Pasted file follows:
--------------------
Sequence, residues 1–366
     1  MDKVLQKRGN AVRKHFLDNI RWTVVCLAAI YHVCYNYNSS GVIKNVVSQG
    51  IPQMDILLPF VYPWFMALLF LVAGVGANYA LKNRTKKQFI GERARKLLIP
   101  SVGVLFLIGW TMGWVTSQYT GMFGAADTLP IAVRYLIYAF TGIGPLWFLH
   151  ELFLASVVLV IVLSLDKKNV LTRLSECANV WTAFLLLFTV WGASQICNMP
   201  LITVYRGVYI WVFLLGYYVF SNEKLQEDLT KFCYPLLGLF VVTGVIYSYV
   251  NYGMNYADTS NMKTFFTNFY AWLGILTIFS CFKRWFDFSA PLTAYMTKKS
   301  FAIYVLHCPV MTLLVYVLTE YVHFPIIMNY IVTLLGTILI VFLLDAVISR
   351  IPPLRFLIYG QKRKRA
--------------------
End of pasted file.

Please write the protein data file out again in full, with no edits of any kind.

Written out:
Sequence, residues 1–366
     1  MDKVLQKRGN AVRKHFLDNI RWTVVCLAAI YHVCYNYNSS GVIKNVVSQG
    51  IPQMDILLPF VYPWFMALLF LVAGVGANYA LKNRTKKQFI GERARKLLIP
   101  SVGVLFLIGW TMGWVTSQYT GMFGAADTLP IAVRYLIYAF TGIGPLWFLH
   151  ELFLASVVLV IVLSLDKKNV LTRLSECANV WTAFLLLFTV WGASQICNMP
   201  LITVYRGVYI WVFLLGYYVF SNEKLQEDLT KFCYPLLGLF VVTGVIYSYV
   251  NYGMNYADTS NMKTFFTNFY AWLGILTIFS CFKRWFDFSA PLTAYMTKKS
   301  FAIYVLHCPV MTLLVYVLTE YVHFPIIMNY IVTLLGTILI VFLLDAVISR
   351  IPPLRFLIYG QKRKRA